HE Salim Al Aufi


Ministry of Oil & Gas

If prices continue sliding, the most prominent way to cut spending – without compromising current production levels – is to shelf and call off future projects aimed at exploring and developing new production fields till prices rise.

There is no denying the fact that the continued decline in oil prices around the globe, if the prices stay on the current level or slide to a worse level in 2016, will have its repercussions on spending in general, and on the oil and gas sector in particular. The falling oil prices may put pressure on spending in the public and private sectors for prospecting and exploring potential oil and gas fields, not only in Oman but all over the world.

With regard to the impact of falling oil prices on the current production in the Sultanate, it is not expected to have a direct impact on reducing the volume of production at least during 2015. However, the continued – and even worsening – low prices through 2016, may instigate the government, represented by the Ministry of Oil and Gas in cooperation with oil and gas companies, to increase efforts aimed at rationalizing and cutting costs as much as possible without affecting production levels.

In addition, there are several procedures that can be applied to rationalize and cut increasing expenses before resorting to the option of reducing production. In the current situation, when comparing the cost of producing Omani crude oil with current world prices, we can say that continuing production is still commercially viable for the companies operating in the Sultanate. The average production price is less than $20 a barrel, if we deduct the costs resulting from investments in future projects. If prices continue sliding, the most prominent way to cut spending – without compromising current production levels – is to shelf and call off future projects aimed at exploring and developing new production fields till prices rise. Examples of future projects include seismic surveys, exploratory drilling of wells and technical works preceding commercial production. However, such procedures may have future material implications given that the obsolescence of existing fields may require seeking other new ones in the future to maintain the current production levels.

With regard to repercussions of the oil price decline on oil and gas manpower, the Ministry of Oil and Gas is cooperating with companies operating in this industry to effectively follow up on the condition of labour market and workers. The impact of oil price drop on human resources is dealt with seriously, to continuously ensure minimizing the negative effects that might face employees in this sector.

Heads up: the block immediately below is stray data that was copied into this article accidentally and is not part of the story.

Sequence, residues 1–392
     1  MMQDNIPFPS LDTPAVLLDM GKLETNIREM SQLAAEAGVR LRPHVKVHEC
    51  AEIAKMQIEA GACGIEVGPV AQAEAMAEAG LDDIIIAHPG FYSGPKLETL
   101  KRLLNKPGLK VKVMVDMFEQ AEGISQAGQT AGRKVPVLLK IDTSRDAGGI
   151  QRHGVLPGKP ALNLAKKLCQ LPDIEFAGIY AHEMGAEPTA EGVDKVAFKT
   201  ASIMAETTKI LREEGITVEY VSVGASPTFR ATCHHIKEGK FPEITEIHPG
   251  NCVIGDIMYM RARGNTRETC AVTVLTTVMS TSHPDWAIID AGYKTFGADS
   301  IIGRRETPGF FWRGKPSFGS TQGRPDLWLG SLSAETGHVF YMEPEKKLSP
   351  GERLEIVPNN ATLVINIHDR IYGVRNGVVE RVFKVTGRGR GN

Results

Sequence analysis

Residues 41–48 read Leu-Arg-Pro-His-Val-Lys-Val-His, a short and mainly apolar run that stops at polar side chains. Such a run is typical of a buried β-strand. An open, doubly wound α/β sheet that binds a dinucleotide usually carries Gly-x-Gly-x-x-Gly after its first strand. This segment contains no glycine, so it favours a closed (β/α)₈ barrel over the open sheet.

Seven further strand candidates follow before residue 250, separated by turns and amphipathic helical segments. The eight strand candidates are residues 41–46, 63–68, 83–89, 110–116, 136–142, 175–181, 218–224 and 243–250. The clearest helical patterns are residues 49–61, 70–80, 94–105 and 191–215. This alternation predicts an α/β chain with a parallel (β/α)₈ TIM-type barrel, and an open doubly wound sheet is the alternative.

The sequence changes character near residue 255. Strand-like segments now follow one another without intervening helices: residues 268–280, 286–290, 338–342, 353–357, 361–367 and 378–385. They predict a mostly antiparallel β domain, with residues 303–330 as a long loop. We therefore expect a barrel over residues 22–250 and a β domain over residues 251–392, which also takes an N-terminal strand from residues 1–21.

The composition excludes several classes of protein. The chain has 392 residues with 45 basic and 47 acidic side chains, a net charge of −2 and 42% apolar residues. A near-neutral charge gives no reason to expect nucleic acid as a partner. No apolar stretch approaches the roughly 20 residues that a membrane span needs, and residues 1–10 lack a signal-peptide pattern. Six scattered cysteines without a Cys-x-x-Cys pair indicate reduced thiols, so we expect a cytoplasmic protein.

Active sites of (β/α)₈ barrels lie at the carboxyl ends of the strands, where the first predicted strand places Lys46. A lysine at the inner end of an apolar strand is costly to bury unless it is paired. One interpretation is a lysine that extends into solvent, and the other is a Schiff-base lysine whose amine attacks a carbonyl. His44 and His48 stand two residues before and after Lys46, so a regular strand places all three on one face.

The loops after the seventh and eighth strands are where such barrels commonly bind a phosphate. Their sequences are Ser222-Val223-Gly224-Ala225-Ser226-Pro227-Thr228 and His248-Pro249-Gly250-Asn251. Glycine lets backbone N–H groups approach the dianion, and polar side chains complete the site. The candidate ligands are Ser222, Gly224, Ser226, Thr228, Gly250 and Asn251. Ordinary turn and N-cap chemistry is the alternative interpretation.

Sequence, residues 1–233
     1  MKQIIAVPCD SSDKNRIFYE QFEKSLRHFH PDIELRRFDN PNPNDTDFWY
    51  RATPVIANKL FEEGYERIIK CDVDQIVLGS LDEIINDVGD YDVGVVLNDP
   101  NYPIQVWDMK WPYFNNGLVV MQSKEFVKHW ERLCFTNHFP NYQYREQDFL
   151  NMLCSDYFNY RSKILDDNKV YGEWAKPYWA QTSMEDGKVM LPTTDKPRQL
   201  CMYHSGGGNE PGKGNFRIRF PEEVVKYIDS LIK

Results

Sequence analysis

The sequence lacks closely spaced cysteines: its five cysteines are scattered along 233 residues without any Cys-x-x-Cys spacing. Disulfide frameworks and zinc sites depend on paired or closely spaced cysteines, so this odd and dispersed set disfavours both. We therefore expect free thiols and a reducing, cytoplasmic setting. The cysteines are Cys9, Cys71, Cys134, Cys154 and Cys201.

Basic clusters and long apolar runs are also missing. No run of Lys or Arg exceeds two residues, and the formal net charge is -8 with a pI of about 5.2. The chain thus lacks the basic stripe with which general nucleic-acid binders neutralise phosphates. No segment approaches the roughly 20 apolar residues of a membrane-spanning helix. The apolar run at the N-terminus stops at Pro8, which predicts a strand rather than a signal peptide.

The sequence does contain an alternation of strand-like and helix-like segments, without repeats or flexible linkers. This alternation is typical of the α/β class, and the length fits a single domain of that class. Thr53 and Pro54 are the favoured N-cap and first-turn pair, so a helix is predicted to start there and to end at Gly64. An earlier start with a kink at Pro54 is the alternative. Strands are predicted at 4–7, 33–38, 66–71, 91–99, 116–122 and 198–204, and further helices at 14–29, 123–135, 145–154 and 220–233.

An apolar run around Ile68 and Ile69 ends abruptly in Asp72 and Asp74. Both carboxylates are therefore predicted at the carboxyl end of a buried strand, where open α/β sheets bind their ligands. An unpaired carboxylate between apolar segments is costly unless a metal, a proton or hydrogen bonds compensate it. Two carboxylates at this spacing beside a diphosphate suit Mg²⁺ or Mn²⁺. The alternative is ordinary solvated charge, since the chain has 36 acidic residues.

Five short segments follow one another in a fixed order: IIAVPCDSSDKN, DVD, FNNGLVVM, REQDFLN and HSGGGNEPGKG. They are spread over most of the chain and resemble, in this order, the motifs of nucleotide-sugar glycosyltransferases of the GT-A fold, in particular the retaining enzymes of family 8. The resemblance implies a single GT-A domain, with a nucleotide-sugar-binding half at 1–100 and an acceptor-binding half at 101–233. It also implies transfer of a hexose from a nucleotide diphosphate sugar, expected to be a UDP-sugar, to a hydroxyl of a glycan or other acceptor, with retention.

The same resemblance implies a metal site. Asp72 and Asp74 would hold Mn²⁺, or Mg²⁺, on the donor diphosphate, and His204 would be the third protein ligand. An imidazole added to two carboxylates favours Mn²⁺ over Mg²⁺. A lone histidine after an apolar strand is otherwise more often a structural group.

Given the achievements made since the ICV Committee was set up in late 2011, we are proud of the many concrete achievements we have made over the past few years, especially braving the challenging conditions. We are also satisfied with the progress made by some other oil companies including the various initiatives orchestrated to strengthen ICV under the supervision of the Ministry of Oil and Gas. It is worth mentioning that in addition to the joint efforts exerted by the oil companies, each company is playing its own role through adopting various initiatives to enhance ICV in line with its respecting operational requirements. We should also appreciate efforts made by contractors who actively and positively responded to ICV initiatives. Adding to this are their support to and compliance with ICV standards which constitute the main part of tender documents presented by oil companies. Despite the various achievements we have made at various levels, we still have a long path ahead, which requires more concerted efforts to be exerted to achieve the required targets. The ministry should, in cooperation with oil companies and contractors, seize as many opportunities as possible to achieve the strategic goals which include increasing skills and efficiency of the local manpower, creating job opportunities through promoting and diversifying the production of goods and services that can be manufactured and provided in the Sultanate.

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